While on the Peloponnese peninsula, we made a fast stop at Sparta Greece, just to say we were there. Why not?
Although little is left of the strangely, unfortified home to one of ancient Greece’s most militant and powerful city-states.
Although the tangible remains of the legendary civilization are limited, Sparta’s reputation is well documented and well known. Reaching the peak of its powers in the 8th century B.C., it was a highly authoritative and disciplined society that valued social and military discipline and strength above virtually all else. It was extraordinarily jingoistic, despising other civilizations and neither seeking nor having allies. The highest obligation and honor of males was to be warriors. Training began at age seven, with competitions of manliness. One popular spectator event entailed the continual whipping of boys. While many died in the process, the last one standing was the winner. Nor, apparently, were training exercises much less brutal. Needless to say, Spartans were not known for their mercy to defeated foes.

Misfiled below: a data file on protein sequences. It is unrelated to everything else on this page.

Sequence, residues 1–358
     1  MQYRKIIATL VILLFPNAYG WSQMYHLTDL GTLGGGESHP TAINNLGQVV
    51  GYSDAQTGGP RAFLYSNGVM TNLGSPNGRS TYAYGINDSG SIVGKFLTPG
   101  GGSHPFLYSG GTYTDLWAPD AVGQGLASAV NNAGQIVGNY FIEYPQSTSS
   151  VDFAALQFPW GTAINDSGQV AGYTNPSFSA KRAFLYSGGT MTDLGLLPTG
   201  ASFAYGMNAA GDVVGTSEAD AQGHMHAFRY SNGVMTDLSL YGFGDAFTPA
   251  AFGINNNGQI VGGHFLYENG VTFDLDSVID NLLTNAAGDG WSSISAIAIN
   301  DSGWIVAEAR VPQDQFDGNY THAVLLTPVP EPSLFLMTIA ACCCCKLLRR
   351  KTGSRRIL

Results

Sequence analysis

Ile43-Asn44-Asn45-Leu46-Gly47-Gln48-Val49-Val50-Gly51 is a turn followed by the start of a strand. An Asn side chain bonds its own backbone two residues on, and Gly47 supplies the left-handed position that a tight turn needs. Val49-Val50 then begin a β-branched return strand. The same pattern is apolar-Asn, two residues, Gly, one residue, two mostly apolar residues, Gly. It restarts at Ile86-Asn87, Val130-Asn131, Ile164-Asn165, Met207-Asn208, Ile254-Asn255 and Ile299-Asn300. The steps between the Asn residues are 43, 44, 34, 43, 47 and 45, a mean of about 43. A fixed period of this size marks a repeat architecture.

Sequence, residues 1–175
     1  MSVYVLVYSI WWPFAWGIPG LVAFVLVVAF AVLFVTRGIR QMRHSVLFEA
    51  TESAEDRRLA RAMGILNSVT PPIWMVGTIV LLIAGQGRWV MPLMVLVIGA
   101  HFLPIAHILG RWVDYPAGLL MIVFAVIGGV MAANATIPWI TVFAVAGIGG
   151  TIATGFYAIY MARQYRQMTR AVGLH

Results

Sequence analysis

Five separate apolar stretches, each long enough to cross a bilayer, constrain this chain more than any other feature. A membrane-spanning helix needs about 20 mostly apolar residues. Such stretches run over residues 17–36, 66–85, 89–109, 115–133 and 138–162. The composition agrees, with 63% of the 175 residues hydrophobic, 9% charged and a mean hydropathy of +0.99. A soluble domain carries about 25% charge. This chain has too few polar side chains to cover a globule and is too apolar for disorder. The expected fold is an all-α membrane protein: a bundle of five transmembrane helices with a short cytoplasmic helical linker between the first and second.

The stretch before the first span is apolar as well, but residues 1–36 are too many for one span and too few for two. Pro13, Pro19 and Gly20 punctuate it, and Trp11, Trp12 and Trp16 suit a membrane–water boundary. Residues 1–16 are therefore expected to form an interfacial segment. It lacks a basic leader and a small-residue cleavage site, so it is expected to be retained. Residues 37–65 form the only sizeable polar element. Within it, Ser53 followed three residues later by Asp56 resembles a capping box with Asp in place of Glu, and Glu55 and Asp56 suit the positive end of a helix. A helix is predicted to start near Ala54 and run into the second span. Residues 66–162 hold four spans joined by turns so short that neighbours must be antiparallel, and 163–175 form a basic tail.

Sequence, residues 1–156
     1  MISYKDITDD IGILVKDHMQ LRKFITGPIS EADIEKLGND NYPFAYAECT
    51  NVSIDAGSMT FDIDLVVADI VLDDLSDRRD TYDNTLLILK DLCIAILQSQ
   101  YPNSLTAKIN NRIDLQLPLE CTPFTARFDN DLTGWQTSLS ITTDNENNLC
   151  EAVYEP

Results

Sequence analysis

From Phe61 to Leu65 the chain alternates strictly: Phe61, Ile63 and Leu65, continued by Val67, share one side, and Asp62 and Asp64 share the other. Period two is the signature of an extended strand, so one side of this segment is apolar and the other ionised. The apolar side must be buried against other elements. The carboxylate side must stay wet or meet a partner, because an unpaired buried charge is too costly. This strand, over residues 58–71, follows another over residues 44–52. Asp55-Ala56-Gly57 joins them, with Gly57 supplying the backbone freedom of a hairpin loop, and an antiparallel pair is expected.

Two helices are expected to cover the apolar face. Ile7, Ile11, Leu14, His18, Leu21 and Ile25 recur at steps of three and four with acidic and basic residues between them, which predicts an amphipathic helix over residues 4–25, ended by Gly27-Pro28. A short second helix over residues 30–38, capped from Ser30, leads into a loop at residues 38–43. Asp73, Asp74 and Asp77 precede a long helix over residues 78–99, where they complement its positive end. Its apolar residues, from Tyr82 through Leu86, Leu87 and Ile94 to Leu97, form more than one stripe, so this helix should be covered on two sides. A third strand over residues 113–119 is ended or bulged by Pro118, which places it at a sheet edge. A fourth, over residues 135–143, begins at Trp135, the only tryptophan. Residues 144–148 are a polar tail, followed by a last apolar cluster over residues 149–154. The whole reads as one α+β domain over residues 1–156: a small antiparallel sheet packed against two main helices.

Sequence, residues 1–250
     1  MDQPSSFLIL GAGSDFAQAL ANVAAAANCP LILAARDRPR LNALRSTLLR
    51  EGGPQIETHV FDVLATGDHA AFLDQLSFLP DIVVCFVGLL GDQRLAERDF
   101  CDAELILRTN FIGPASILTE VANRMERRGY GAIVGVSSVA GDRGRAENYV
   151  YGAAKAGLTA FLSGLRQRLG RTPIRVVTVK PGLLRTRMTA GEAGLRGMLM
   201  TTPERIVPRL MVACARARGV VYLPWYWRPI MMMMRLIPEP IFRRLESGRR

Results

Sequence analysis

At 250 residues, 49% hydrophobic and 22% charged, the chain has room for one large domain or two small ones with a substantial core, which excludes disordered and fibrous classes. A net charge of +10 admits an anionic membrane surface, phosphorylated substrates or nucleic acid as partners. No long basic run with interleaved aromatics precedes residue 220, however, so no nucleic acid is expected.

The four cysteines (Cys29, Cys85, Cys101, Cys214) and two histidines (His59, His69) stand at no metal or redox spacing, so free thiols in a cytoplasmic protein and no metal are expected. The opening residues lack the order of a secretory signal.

This begin said, the Spartans also valued and practices the arts, as with singing and acting competitions. Theater was also extremely popular with one theater seating more than 6,000 patrons. So to with religion, particularly in offerings to and celebration of the city-state’s primary goddess, Orthia, who, someone ironically, was the protector of children from age seven through adolescence. She was particularly honored in ritual dances in which participants wore masks.
The city has an archeological museum that contains some Roman-era remnants of the civilization, including pottery, marble sculptures, figurines and some especially well-preserved mosaics.The museum includes a number of the masks plus architectural details of and artifacts from the goddess’s temple.